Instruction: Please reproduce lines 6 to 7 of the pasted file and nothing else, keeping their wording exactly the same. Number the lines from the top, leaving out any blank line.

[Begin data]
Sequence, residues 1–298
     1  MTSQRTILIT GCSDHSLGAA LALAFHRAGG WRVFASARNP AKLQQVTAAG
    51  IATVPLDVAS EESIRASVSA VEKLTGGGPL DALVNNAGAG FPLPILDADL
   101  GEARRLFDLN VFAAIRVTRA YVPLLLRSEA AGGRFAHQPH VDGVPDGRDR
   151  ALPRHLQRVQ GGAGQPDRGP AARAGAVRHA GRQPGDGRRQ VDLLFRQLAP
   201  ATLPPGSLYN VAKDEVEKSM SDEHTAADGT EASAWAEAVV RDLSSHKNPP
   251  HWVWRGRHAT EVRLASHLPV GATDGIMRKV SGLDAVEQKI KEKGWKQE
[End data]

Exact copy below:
   201  ATLPPGSLYN VAKDEVEKSM SDEHTAADGT EASAWAEAVV RDLSSHKNPP
   251  HWVWRGRHAT EVRLASHLPV GATDGIMRKV SGLDAVEQKI KEKGWKQE